[tlhIngan Hol] How to force the adverb on a specific target

mayqel qunenoS mihkoun at gmail.com
Sat Jun 18 06:39:26 PDT 2016

indeed, you're right ;

and this uncertainty, with regards to the exact target of {chaq} or
{-law'}, is the problem here.

I was interested in finding a way to focus the intended meaning on the
desired part of the sentence. So, I thought the
little-sentence-in-dashes solution.

of course now the question would be "would a klingon mind understand
this method of specifying things" ?

and of course this solution is definitely "human influenced/oriented.."

but for the moment, its the only solution I can find. let alone the
fact, that klingon is primarily a spoken language, so what would be
wrong with accepting methods of expression which stem from real life


On Sat, Jun 18, 2016 at 3:48 PM, SuStel <sustel at trimboli.name> wrote:
> On 6/18/2016 5:30 AM, mayqel qunenoS wrote:
> {verenganarvo' naDev pawlaw' (Hat SeHmeH janwIj)}. With the intended
> meaning being "but the air conditioner, apparently came here from
> ferenginar".
> The greek/english original sentence, wishes to express the
> "seemingly/apparently" meaning, with regards to "where the a/c came
> from" ; not with regards to "its arrival".
> But when I shoved the {-law'} on the {paw}, the "seemingly/apparently"
> meaning  went on the {paw}. So the klingon sentence took the meaning :
> "but the airconditioner (seemingly arrived = i.e. perhaps it didn't
> arrive) from ferenginar)"
> -law' doesn't only apply to the verb; it applies to the entire sentence.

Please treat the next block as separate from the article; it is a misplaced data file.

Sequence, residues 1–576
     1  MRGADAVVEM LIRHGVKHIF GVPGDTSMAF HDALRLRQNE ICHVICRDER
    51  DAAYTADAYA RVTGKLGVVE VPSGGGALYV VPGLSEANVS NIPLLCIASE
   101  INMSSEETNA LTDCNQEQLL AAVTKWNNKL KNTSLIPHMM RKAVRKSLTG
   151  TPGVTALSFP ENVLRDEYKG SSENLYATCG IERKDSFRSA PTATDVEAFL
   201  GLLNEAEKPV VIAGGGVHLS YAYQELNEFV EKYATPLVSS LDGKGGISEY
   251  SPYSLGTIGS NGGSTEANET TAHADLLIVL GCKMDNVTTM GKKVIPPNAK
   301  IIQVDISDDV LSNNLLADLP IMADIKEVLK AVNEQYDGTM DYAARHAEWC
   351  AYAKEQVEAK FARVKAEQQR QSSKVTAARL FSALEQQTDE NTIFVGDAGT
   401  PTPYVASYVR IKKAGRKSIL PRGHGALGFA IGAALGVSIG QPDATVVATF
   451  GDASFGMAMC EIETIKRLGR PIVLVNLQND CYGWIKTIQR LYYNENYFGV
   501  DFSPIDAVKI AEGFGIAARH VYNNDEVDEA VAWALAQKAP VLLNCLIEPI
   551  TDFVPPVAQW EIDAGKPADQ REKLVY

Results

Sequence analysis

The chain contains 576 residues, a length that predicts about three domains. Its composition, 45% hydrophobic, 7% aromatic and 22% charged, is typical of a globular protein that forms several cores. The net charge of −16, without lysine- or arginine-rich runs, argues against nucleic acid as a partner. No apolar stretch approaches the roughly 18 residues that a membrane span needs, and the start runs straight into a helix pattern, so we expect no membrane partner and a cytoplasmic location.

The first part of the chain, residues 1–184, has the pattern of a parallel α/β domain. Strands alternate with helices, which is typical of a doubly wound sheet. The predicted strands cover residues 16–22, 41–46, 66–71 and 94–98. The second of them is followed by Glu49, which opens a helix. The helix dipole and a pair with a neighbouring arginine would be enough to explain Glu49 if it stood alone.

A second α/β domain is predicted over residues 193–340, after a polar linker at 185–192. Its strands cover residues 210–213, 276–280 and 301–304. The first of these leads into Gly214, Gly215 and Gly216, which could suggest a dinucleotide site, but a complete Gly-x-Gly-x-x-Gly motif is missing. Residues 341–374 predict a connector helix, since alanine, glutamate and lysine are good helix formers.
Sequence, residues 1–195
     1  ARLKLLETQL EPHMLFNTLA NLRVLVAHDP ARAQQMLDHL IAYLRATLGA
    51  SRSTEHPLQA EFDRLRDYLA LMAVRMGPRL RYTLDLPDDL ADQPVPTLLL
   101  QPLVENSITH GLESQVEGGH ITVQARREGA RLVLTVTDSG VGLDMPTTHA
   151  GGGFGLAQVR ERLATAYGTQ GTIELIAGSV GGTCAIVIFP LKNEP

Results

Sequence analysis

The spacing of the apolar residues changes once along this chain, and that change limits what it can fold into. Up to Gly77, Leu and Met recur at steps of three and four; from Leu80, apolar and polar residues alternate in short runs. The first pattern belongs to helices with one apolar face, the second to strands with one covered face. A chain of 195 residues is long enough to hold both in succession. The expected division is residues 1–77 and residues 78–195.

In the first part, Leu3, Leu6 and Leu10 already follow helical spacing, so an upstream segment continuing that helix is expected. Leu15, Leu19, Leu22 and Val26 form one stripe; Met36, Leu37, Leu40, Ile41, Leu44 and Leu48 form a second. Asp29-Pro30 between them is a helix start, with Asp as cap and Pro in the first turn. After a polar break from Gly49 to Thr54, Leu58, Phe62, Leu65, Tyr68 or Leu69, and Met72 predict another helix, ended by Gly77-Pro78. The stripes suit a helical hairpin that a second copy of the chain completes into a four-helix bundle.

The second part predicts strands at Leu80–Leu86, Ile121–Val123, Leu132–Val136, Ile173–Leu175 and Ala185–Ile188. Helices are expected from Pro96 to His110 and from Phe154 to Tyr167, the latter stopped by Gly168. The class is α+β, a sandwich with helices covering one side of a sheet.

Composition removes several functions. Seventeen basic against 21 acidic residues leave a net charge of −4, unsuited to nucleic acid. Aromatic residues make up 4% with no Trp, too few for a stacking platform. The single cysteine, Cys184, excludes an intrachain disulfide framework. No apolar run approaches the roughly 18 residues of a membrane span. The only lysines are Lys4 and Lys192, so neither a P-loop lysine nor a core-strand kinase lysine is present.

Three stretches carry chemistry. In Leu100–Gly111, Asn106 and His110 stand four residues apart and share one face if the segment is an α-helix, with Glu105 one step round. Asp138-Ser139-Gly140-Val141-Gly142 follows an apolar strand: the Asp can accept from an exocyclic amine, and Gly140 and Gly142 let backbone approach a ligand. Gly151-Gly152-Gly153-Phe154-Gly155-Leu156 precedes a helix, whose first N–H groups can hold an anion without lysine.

> verenganarvo' naDev pawlaw'pu' Hat SeHmeH janwIj my temperature-control
> device arrived here from Ferenginar—I believe this to be true. It doesn't
> say which part of the sentence is uncertain—maybe you're not sure it has
> arrived here instead of somewhere else; maybe you're not sure it came from
> Ferenginar; maybe you're not sure it is the air conditioner that arrived;
> maybe you're not sure it arrived anywhere at all.
> I can't place the {-law'} on a noun, so my next thought would be :
> "why don't I use an adverb".
> But even if I wrote {chaq verenganarvo' naDev paw (Hat SeHmeH
> janwIj)}, then again there would be a problem. Since the adverb refers
> to the verb, then again the meaning would be "perhaps it arrived'. So
> dead end again.
> I would never have interpreted chaq in this sentence to refer only to the
> verb; I'd have applied it to the entire sentence, just like -law'.
> --
> SuStel
> http://trimboli.name
> _______________________________________________
> tlhIngan-Hol mailing list
> tlhIngan-Hol at lists.kli.org
> http://lists.kli.org/listinfo.cgi/tlhingan-hol-kli.org

More information about the tlhIngan-Hol mailing list